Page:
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From aaron morton <aa...@thelastpickle.com>
Subject Re: tuning for read performance
Date Tue, 23 Oct 2012 07:30:09 GMT
>> and nodetool tpstats always shows pending tasks in the ReadStage.
Are clients reading a single row at a time or multiple rows ? Each row requested in a multi
get becomes a task in the read stage. 

Also look at the type of query you are sending. I talked a little about the performance of
different query techniques at Cassandra SFhttp://www.datastax.com/events/cassandrasummit2012/presentations

 
> 1. Consider Leveled compaction instead of Size Tiered.  LCS improves
> read performance at the cost of more writes.
I would look at other options first. 
If you want to know how many SSTables a read is hitting look at nodetool cfhistograms

> 2. You said "skinny column family" which I took to mean not a lot of
> columns/row.  See if you can organize your data into wider rows which
> allow reading fewer rows and thus fewer queries/disk seeks.

Wide rows take longer to read than narrow ones. Artificially wide rows may take longer to
read than narrow ones. 


> 4. Splitting your data from your MetaData could definitely help.  I
> like separating my read heavy from write heavy CF's because generally
> speaking they benefit from different compaction methods.  But don't go
> crazy creating 1000's of CF's either.

+1
25 ms read latency is high. 

Hope that helps. 

-----------------
Aaron Morton
Freelance Developer
@aaronmorton
http://www.thelastpickle.com

On 23/10/2012, at 9:06 AM, Aaron Turner <synfinatic@gmail.com> wrote:

> On Mon, Oct 22, 2012 at 11:05 AM, feedly team <feedlydev@gmail.com> wrote:
>> Hi,
>>    I have a small 2 node cassandra cluster that seems to be constrained by
>> read throughput. There are about 100 writes/s and 60 reads/s mostly against
>> a skinny column family. Here's the cfstats for that family:
>> 
>> SSTable count: 13
>> Space used (live): 231920026568
>> Space used (total): 231920026568
>> Number of Keys (estimate): 356899200
>> Memtable Columns Count: 1385568
>> Memtable Data Size: 359155691
>> Memtable Switch Count: 26
>> Read Count: 40705879
>> Read Latency: 25.010 ms.
>> Write Count: 9680958
>> Write Latency: 0.036 ms.
>> Pending Tasks: 0
>> Bloom Filter False Postives: 28380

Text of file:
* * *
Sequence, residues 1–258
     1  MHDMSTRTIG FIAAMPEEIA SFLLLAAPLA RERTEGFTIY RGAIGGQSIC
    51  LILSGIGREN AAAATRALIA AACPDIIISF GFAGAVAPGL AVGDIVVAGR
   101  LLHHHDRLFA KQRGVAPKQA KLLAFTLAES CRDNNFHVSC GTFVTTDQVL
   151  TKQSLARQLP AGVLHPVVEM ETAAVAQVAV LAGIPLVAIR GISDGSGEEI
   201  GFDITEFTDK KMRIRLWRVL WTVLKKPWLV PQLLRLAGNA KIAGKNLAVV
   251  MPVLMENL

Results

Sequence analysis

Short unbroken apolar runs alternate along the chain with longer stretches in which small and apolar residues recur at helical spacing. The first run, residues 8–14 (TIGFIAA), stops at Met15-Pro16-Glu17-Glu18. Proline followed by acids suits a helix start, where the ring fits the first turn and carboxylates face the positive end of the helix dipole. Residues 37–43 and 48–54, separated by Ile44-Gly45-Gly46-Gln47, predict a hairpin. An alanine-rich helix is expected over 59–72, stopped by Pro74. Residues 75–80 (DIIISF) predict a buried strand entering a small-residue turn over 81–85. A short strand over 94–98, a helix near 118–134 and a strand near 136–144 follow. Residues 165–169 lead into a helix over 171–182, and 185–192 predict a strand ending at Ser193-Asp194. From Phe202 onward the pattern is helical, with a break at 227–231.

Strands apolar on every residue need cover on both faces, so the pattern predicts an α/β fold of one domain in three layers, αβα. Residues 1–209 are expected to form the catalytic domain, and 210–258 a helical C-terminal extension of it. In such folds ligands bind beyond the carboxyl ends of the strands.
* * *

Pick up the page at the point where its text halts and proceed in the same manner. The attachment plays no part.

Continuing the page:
>> Bloom Filter False Ratio: 0.00360
>> Bloom Filter Space Used: 874173664
>> Compacted row minimum size: 61
>> Compacted row maximum size: 152321
>> Compacted row mean size: 1445
>> 
>> iostat shows almost no write activity, here's a typical line:
>> 
>> Device:         rrqm/s   wrqm/s     r/s     w/s    rMB/s    wMB/s avgrq-sz
>> avgqu-sz   await  svctm  %util
>> sdb               0.00     0.00  312.87    0.00     6.61     0.00    43.27
>> 23.35  105.06   2.28  71.19
>> 
>> and nodetool tpstats always shows pending tasks in the ReadStage. The data
>> set has grown beyond physical memory (250GB/node w/64GB of RAM) so I know
>> disk access is required, but are there particular settings I should
>> experiment with that could help relieve some read i/o pressure? I already
>> put memcached in front of cassandra so the row cache probably won't help
>> much.
>> 
>> Also this column family stores smallish documents (usually 1-100K) along
>> with metadata. The document is only occasionally accessed, usually only the
>> metadata is read/written. Would splitting out the document into a separate
>> column family help?
>> 
> 
> Some un-expert advice:
> 
> 1. Consider Leveled compaction instead of Size Tiered.  LCS improves
> read performance at the cost of more writes.
> 
> 2. You said "skinny column family" which I took to mean not a lot of
> columns/row.  See if you can organize your data into wider rows which
> allow reading fewer rows and thus fewer queries/disk seeks.
> 
> 3. Enable compression if you haven't already.
> 
> 4. Splitting your data from your MetaData could definitely help.  I
> like separating my read heavy from write heavy CF's because generally
> speaking they benefit from different compaction methods.  But don't go
> crazy creating 1000's of CF's either.
> 
> Hope that gives you some ideas to investigate further!
> 
> 
> -- 
> Aaron Turner
> http://synfin.net/         Twitter: @synfinatic
> http://tcpreplay.synfin.net/ - Pcap editing and replay tools for Unix & Windows
> Those who would give up essential Liberty, to purchase a little temporary
> Safety, deserve neither Liberty nor Safety.
>    -- Benjamin Franklin
> "carpe diem quam minimum credula postero"


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